In the 17 years since Maine Yankee began dismantling its reactors and shedding its 600 workers, this small, coastal town north of Portland has experienced drastic changes: property taxes have spiked by more than 10 times for the town’s 3,700 residents, the number living in poverty has more than doubled as many professionals left, and town services and jobs have been cut.
“I have yet to meet anyone happy that Maine Yankee is gone,” said Laurie Smith, the town manager. “All these years later, we’re still feeling the loss of jobs, the economic downturn, and the huge tax increases....”
“It became a ghost town,” said [Tony] True, 51, who has lived in Wiscasset most of his life.... “I wish Maine Yankee never came here,” he said. “We went from having anything we wanted to having nothing, like going from being spoiled children to having no parents. The closing really put a curtain on Wiscasset....”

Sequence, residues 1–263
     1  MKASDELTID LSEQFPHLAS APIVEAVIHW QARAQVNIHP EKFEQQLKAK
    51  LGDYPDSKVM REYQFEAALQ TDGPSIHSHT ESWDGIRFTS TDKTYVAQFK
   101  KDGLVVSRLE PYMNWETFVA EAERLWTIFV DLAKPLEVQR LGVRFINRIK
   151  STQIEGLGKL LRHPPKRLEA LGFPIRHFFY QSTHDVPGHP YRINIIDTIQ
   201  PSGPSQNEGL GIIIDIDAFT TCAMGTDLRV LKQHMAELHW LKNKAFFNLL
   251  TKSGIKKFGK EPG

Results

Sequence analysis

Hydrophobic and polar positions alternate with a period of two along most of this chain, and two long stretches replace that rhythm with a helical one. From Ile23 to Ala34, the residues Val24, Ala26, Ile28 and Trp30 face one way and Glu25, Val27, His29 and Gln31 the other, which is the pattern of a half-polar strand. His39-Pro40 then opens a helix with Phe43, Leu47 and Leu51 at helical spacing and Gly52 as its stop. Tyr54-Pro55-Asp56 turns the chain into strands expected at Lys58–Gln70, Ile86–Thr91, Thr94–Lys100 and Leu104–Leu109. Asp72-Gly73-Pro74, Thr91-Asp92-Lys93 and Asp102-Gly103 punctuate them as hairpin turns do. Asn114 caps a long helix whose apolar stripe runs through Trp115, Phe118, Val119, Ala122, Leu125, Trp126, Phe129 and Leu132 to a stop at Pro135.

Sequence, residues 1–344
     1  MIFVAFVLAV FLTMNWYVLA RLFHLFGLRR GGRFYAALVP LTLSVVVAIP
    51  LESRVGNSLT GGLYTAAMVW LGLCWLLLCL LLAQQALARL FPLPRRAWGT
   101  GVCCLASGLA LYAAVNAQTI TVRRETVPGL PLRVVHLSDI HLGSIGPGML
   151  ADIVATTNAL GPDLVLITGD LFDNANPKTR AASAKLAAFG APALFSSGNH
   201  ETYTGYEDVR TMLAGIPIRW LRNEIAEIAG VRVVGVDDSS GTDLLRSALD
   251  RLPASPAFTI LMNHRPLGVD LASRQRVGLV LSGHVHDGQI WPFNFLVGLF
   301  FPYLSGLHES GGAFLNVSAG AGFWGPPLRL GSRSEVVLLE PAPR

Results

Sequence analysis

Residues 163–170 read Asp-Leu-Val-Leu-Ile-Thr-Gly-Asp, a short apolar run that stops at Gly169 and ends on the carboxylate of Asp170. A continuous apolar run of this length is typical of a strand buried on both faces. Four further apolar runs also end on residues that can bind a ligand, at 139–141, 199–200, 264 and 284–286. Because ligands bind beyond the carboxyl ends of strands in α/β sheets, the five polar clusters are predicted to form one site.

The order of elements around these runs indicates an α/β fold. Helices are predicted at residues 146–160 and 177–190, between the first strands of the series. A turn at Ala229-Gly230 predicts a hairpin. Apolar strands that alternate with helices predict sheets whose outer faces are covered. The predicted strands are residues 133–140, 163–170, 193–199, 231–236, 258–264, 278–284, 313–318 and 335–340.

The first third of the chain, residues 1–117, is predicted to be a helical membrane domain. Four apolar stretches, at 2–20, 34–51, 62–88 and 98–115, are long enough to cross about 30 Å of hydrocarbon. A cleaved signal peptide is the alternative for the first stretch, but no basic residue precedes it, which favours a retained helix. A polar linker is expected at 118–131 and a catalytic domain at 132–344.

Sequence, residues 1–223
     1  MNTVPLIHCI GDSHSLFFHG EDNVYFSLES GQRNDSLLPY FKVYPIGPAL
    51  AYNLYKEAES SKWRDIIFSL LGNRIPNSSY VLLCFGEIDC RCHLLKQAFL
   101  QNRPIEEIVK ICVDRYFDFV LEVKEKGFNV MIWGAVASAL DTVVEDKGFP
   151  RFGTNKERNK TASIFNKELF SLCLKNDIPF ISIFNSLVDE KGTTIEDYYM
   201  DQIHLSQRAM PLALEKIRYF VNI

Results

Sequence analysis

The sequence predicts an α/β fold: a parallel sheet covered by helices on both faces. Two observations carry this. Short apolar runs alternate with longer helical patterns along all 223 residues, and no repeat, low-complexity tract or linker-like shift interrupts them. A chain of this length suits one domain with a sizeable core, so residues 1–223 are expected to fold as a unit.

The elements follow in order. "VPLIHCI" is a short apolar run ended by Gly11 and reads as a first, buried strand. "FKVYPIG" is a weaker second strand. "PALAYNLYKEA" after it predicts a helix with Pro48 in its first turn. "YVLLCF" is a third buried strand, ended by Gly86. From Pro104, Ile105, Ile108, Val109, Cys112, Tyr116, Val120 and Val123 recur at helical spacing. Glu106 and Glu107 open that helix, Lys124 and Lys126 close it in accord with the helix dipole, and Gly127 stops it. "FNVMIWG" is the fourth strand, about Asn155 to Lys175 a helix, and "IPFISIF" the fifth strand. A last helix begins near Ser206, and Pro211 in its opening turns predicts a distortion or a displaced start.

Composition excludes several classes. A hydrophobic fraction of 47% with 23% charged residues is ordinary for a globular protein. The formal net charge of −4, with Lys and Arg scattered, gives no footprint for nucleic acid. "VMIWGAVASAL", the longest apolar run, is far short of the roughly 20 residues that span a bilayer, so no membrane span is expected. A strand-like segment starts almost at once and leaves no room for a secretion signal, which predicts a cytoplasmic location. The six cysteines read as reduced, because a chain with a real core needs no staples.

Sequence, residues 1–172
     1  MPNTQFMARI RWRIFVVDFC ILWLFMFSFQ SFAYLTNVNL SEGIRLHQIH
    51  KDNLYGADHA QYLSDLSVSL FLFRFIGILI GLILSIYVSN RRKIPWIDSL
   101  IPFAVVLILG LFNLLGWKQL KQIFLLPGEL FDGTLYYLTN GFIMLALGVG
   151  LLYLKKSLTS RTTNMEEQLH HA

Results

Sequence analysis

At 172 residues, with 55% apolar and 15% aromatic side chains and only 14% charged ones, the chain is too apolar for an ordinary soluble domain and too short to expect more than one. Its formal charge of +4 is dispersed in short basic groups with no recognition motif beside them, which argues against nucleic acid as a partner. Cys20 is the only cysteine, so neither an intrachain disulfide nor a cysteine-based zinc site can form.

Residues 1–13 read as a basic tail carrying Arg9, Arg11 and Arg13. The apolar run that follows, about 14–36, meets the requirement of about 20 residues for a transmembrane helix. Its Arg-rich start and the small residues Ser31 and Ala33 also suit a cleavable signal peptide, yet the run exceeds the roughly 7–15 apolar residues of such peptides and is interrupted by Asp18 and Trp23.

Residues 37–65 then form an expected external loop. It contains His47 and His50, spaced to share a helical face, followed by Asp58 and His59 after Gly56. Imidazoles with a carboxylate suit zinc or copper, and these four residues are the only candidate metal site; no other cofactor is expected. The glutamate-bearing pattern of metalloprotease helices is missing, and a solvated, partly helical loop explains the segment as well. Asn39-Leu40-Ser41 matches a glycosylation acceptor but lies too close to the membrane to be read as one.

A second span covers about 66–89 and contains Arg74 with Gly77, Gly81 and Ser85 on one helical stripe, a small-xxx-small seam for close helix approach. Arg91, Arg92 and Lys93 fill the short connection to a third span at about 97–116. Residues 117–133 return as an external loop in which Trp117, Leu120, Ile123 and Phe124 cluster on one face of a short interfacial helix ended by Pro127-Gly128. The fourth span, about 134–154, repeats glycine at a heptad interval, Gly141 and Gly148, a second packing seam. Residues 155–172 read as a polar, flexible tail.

But the plant faced serious allegations of safety violations and falsifying records around the time it was closed, according to the Nuclear Regulatory Commission. Agency investigators found Maine Yankee relied on inadequate computer analyses to demonstrate the adequacy of its emergency core cooling system; “willfully provided inaccurate information” to the NRC about its ability to vent steam during an accident; and provided falsified records of safety-related equipment.
“Many of these violations and underlying causes were longstanding and appeared to be caused by ineffective engineering analyses,” NRC officials wrote to Maine Yankee shortly after the plant closed.
They added that Maine Yankee “was a facility in which pressure to be a low-cost performer led to practices which over-relied on judgment, discouraged problem reporting, and accepted low standards of performance.”"
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